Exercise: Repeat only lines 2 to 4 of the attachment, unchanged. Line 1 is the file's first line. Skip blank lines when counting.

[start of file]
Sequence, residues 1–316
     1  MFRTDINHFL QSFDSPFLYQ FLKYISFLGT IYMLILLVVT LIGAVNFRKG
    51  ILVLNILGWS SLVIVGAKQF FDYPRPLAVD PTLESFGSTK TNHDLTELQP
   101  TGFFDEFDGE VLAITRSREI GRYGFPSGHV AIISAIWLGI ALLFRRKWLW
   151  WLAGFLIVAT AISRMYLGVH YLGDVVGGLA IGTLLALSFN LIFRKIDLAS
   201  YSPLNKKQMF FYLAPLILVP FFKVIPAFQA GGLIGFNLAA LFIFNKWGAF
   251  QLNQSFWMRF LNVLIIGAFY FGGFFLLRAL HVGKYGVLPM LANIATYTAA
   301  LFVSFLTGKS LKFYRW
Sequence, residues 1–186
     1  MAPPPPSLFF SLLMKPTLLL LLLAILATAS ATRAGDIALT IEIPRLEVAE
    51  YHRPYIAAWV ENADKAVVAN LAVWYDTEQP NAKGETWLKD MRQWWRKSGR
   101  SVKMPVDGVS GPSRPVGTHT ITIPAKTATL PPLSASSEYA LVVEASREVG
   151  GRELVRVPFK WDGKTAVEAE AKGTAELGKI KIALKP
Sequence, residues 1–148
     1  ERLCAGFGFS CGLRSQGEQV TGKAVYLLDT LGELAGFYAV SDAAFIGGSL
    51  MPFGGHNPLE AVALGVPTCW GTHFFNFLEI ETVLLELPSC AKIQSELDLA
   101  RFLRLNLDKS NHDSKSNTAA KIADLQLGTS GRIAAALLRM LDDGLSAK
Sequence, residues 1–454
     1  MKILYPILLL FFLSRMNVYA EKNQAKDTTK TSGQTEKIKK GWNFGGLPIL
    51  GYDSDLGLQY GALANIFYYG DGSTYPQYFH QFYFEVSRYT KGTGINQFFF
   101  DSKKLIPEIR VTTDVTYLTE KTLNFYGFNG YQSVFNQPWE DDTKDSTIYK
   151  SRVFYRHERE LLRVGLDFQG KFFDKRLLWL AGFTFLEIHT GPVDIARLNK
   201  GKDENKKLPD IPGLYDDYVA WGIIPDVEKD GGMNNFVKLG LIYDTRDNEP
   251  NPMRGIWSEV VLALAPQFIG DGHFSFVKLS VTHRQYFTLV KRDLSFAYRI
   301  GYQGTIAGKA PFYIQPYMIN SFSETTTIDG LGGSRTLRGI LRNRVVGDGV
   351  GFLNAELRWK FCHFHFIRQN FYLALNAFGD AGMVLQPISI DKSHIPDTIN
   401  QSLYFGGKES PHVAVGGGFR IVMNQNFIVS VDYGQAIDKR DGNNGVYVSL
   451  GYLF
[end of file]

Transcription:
     1  MFRTDINHFL QSFDSPFLYQ FLKYISFLGT IYMLILLVVT LIGAVNFRKG
    51  ILVLNILGWS SLVIVGAKQF FDYPRPLAVD PTLESFGSTK TNHDLTELQP
   101  TGFFDEFDGE VLAITRSREI GRYGFPSGHV AIISAIWLGI ALLFRRKWLW